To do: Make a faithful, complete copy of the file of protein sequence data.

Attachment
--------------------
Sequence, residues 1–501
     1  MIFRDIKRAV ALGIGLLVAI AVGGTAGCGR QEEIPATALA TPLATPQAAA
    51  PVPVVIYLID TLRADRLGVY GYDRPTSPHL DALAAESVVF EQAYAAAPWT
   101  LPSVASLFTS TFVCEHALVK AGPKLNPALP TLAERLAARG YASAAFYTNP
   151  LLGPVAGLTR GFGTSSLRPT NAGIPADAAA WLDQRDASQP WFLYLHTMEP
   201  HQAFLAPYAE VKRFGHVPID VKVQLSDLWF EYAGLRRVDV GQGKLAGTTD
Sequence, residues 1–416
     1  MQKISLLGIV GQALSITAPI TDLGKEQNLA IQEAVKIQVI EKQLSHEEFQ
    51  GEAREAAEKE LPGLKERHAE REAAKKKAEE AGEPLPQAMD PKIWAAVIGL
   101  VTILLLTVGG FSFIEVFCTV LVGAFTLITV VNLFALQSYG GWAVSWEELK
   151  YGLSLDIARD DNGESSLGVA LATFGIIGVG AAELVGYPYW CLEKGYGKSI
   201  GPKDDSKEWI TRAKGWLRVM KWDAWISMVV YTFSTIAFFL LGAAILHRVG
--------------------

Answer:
Sequence, residues 1–501
     1  MIFRDIKRAV ALGIGLLVAI AVGGTAGCGR QEEIPATALA TPLATPQAAA
    51  PVPVVIYLID TLRADRLGVY GYDRPTSPHL DALAAESVVF EQAYAAAPWT
   101  LPSVASLFTS TFVCEHALVK AGPKLNPALP TLAERLAARG YASAAFYTNP
   151  LLGPVAGLTR GFGTSSLRPT NAGIPADAAA WLDQRDASQP WFLYLHTMEP
   201  HQAFLAPYAE VKRFGHVPID VKVQLSDLWF EYAGLRRVDV GQGKLAGTTD
Sequence, residues 1–416
     1  MQKISLLGIV GQALSITAPI TDLGKEQNLA IQEAVKIQVI EKQLSHEEFQ
    51  GEAREAAEKE LPGLKERHAE REAAKKKAEE AGEPLPQAMD PKIWAAVIGL
   101  VTILLLTVGG FSFIEVFCTV LVGAFTLITV VNLFALQSYG GWAVSWEELK
   151  YGLSLDIARD DNGESSLGVA LATFGIIGVG AAELVGYPYW CLEKGYGKSI
   201  GPKDDSKEWI TRAKGWLRVM KWDAWISMVV YTFSTIAFFL LGAAILHRVG